How would it work?

The voice would be able to make recommendations to the Australian parliament and government on matters relating to the social, spiritual and economic wellbeing of Aboriginal and Torres Strait Islander people.

The voice would be able to table formal advice in parliament and a parliamentary committee would consider that advice. But all elements would be non-justiciable, meaning that there could not be a court challenge and no law could be invalidated based on this consultation.

How would it be structured?

The Indigenous voice co-design report recommended the national voice have 24 members, encompassing two from each state, the Northern Territory, ACT and Torres Strait. A further five members would represent remote areas and an additional member would represent Torres Strait Islanders living on the mainland.

Members would serve four-year terms, with half the membership determined every two years.

For more detail, read our explainer here.

Photograph: Lukas Coch/AAP

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“I think that Australia’s political system has changed substantially. Just a couple of weeks ago, in the Aston byelection, history was created with something that hadn’t happened in over a hundred years: the government winning a seat off the opposition in a byelection. So we live in different times from when past referendums were held,” he said.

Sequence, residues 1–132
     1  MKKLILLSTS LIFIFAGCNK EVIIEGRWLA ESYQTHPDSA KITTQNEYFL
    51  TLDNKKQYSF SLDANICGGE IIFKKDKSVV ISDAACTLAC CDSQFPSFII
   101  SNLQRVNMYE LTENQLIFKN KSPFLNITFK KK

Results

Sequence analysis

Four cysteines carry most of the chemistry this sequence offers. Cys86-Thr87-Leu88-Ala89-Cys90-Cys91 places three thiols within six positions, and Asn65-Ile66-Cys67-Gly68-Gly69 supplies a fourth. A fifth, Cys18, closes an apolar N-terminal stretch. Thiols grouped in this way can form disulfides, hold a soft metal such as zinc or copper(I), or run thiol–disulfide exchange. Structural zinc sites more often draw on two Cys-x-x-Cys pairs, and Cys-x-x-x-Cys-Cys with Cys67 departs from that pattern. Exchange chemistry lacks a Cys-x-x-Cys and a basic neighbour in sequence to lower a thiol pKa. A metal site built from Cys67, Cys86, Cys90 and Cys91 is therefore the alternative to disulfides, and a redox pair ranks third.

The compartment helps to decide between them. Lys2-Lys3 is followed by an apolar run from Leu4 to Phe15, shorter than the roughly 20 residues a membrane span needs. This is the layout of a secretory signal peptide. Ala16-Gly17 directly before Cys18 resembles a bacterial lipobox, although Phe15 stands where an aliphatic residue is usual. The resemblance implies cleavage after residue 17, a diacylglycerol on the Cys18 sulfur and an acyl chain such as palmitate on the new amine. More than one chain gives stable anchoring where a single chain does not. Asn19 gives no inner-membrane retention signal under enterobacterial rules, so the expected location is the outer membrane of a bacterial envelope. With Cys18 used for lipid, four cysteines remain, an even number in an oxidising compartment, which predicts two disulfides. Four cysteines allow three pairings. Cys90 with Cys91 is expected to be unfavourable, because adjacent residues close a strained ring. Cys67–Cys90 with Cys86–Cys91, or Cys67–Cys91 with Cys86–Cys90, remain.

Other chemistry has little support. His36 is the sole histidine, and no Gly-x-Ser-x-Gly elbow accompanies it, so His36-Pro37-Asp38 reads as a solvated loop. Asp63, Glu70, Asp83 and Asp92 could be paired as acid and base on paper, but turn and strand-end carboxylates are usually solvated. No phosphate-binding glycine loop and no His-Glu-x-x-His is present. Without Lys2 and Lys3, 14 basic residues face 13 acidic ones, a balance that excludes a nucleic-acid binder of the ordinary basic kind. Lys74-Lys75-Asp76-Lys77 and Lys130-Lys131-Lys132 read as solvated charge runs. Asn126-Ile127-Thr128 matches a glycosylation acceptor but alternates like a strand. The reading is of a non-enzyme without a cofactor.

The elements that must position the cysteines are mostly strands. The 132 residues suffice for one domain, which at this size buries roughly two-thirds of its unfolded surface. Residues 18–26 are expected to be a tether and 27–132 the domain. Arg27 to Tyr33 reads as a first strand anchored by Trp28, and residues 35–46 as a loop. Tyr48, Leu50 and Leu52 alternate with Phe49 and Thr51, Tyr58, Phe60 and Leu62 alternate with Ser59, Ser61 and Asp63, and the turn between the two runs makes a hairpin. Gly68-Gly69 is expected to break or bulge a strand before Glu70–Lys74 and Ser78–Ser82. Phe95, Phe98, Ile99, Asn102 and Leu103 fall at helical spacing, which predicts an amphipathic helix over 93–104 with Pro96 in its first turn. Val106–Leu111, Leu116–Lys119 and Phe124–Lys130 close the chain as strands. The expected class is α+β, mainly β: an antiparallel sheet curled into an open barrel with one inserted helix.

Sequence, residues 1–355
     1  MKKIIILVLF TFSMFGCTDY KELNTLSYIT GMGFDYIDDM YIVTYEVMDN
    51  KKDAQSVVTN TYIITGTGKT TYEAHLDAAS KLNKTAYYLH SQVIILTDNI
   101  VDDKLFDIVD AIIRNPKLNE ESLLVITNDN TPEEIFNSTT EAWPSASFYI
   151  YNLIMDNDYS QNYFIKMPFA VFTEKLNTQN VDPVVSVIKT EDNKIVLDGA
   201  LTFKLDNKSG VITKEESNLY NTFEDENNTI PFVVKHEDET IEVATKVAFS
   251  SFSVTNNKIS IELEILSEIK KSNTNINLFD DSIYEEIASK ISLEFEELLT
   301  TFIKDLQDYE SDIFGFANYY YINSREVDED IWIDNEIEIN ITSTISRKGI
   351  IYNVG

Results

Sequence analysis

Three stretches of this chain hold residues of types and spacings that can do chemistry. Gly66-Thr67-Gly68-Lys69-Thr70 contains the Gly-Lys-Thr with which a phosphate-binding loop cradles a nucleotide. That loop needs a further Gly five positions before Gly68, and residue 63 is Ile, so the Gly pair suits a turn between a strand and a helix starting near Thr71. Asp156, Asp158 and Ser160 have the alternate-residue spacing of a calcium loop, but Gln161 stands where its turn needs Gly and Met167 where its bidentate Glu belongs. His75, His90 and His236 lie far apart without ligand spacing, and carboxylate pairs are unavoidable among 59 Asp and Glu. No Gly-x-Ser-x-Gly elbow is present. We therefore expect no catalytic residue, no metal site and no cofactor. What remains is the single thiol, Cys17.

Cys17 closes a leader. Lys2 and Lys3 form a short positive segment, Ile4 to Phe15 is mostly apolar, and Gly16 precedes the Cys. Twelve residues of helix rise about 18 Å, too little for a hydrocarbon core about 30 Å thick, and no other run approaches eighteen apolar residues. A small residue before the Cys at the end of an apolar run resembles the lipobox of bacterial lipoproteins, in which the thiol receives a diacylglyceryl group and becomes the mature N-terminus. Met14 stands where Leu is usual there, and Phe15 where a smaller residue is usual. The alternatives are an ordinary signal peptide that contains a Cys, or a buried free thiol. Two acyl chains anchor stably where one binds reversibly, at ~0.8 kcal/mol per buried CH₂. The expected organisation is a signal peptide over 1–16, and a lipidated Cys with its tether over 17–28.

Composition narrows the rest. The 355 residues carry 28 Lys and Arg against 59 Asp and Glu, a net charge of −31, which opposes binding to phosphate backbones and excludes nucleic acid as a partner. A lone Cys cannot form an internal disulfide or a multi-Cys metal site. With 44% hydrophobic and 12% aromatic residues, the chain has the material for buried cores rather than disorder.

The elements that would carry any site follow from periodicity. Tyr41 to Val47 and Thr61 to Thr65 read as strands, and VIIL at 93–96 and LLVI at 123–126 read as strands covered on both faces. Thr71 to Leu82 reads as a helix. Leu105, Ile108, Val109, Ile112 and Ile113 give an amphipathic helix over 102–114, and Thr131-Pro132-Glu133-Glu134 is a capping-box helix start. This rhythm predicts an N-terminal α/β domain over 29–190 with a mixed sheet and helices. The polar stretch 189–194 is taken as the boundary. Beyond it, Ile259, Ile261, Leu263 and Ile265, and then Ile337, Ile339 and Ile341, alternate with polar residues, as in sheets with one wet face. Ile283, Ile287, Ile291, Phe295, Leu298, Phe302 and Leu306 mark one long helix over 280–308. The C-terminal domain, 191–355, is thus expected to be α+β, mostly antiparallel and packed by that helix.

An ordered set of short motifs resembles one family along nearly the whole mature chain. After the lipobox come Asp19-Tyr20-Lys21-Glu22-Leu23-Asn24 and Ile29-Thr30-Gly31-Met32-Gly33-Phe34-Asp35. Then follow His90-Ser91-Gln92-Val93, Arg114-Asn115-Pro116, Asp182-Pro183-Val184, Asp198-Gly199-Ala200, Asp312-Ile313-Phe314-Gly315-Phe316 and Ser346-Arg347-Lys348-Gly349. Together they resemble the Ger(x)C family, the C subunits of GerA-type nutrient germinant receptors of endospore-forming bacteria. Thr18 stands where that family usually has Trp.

“But the time has come … I think that it is time to recognise First Nations people in our constitution.”

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The government has long foreshadowed the yes campaign would mount a major public advertising blitz featuring sporting and entertainment stars. Albanese said the campaign was approaching, with football codes, Cricket Australia and basketball organisations coming onboard.

“I know from speaking to a number of the NRL and AFL players, both past and present, that they will be active in putting their views in support of constitutional recognition … I would be surprised if you didn’t see a range of figures out there saying that it is time for recognition,” he said.

“We have here the business community, the faith groups, we have trade unions, we have sporting organisations, non-government organisations will all be out there campaigning for ‘yes’.”

Albanese will take a week of leave from this weekend. The defence minister, Richard Marles, and the foreign minister, Penny Wong, will be acting prime minister during his absence.

Nationals leader Littleproud, speaking on Channel Nine’s Today program, downplayed the impact of a major yes campaign featuring sports stars. Asked if he was concerned about the prospect of being on “the wrong side of history”, Littleproud responded “no I’m not”.

“My heart is genuinely in for constitutional recognition. It’s just the mechanism that the prime minister’s put in front of us,” he said.

Littleproud also scorned the prospect of sporting and corporate bodies campaigning for the referendum.

“Just to the corporates, if the moral compass of this country is going to be set by corporate Australia, then God help us,” he said.

Dutton’s voice claims explained: politics with Amy Remeikis – video